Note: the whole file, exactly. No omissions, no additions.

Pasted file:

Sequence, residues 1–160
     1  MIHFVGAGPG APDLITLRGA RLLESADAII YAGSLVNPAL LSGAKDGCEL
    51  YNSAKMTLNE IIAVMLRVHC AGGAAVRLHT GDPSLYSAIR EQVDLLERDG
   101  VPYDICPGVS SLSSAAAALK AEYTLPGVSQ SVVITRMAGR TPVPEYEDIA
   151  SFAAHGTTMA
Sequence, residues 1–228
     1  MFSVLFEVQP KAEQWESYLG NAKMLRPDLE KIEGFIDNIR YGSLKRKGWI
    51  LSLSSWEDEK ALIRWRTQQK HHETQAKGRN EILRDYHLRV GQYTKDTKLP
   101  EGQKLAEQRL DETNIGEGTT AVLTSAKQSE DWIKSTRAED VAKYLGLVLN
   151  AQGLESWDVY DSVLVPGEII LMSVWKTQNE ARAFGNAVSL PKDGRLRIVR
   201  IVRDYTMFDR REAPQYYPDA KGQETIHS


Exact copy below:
Sequence, residues 1–160
     1  MIHFVGAGPG APDLITLRGA RLLESADAII YAGSLVNPAL LSGAKDGCEL
    51  YNSAKMTLNE IIAVMLRVHC AGGAAVRLHT GDPSLYSAIR EQVDLLERDG
   101  VPYDICPGVS SLSSAAAALK AEYTLPGVSQ SVVITRMAGR TPVPEYEDIA
   151  SFAAHGTTMA
Sequence, residues 1–228
     1  MFSVLFEVQP KAEQWESYLG NAKMLRPDLE KIEGFIDNIR YGSLKRKGWI
    51  LSLSSWEDEK ALIRWRTQQK HHETQAKGRN EILRDYHLRV GQYTKDTKLP
   101  EGQKLAEQRL DETNIGEGTT AVLTSAKQSE DWIKSTRAED VAKYLGLVLN
   151  AQGLESWDVY DSVLVPGEII LMSVWKTQNE ARAFGNAVSL PKDGRLRIVR
   201  IVRDYTMFDR REAPQYYPDA KGQETIHS